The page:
Absolutely not. Should we stop shielding BME students from racism at university because they will still face it at some point in their life?

Racism exists, homophobia exists, transphobia exists, sexism exists. All and any forms of discrimination will always exist, in some place or another. Does it belong in an educational establishment? Hell no.

Why not have racists speak at university if a society wishes to hear their views? Isn’t the only way to truly defeat these ideologies to discredit them on an intellectual level?

Two reasons, really. The first is that there is really no argument worth having with these people (in this case you make, racists). If you think you can convince a preaching racist in a discussion, online or in person, you are sadly mistaken. They may not hold those views forever, they may have some moment of enlightenment, but it won’t be on their platform when talking to a crowd – it won’t be when a student with a notepad asks them some pressing questions for which they’ve recited their answers 100 times before.

Secondly, we don’t know who they are talking to. Everyone at some point in their life (admit it) has doubted the average intelligence of the general public. Aside from that, the unfortunate truth is that many people grow up with harmful ideologies, many fall into vulnerability and are waiting for someone to confirm their opinions, to tell them they’re right. The most harmful groups in the world are incredibly, incredibly clever at recruitment and convincing others of their ideologies. Milo Yiannopoulos is not at their level (bless him), he doesn’t have much of an agenda going on aside from troll journalism, but we don’t need a speaker like him to encourage anyone holding discriminatory opinions. Hate speech affirms opinions, and that can and does lead to dangerous actions.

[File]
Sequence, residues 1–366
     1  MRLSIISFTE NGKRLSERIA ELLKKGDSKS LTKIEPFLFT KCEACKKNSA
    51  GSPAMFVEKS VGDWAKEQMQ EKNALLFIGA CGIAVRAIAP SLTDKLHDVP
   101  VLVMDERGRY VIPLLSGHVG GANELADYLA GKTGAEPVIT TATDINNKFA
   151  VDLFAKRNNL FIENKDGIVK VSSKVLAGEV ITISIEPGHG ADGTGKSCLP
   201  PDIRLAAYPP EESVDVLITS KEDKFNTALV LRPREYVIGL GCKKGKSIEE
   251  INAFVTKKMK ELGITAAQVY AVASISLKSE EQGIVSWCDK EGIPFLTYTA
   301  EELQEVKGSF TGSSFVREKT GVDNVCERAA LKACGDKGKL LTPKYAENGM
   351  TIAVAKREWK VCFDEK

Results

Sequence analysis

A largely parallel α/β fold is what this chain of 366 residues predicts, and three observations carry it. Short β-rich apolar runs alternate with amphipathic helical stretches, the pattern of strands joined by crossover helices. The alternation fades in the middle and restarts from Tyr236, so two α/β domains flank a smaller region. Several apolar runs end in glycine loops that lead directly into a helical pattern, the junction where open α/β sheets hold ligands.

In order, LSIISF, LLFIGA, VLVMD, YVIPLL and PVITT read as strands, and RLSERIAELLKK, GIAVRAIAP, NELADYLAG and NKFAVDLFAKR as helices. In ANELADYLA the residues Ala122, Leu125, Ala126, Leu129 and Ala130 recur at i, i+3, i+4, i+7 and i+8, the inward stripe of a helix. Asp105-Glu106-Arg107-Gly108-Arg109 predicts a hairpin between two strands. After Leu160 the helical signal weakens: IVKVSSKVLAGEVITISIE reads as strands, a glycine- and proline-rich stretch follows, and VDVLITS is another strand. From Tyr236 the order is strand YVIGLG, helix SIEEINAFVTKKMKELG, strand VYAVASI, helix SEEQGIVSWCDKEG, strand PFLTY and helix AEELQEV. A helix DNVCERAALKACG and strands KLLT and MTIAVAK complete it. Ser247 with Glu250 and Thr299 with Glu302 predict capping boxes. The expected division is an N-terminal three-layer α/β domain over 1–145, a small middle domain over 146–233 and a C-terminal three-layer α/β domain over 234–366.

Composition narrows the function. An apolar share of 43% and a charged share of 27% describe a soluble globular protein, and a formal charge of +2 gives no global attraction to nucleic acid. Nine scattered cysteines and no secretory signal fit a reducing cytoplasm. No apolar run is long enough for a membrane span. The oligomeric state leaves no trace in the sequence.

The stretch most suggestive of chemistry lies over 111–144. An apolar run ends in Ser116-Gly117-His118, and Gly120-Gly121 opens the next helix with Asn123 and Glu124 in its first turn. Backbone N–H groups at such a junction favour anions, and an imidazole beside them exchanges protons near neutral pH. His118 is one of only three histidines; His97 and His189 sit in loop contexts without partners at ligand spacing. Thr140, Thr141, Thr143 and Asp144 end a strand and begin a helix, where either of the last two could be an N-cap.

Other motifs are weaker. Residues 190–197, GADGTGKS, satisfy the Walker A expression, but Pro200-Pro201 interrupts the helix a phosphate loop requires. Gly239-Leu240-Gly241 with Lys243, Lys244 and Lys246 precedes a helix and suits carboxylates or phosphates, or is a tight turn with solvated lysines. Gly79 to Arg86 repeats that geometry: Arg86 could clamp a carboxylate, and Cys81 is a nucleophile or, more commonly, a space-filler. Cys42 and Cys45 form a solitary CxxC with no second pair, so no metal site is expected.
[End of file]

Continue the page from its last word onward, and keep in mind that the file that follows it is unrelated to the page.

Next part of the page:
What right is it of the students’ union to tell the Bristol University Journalism Society who they can and can’t listen to, providing that the speaker acts within the confines of the law?

Well, transphobic hate speech is not within the confines of the law. The University of Bristol Journalism Society and the Bristol SU literally carry the university’s name and reputation in their title. The university and union condemn any form of discrimination, supposedly. So when an event is held by any society it is an event tied to the union and in part the university. And obviously, then, this links back to those pesky ‘no hate speech’ rules.

In that case shouldn’t Milo Yiannopoulos be prosecuted?

Are you asking me if people who break the law should be prosecuted? Yes they should.

Well, do you think Milo Yiannopoulos has broken the law?

We all know that online comments unfortunately rarely result in consequences.

Under the definition of transphobic hate crime, he has.

It’s worth adding that I do think the union have a right to ban speakers, as many universities do, to speak up for those students who do not feel like they can speak up themselves. Do you think many, if any, transgender students would comment on Facebook events like the JournoSoc one to voice their opinion? Look at the comments Francesca received for being a feminist. I hope that the union does represent all students, not just those who shout the loudest.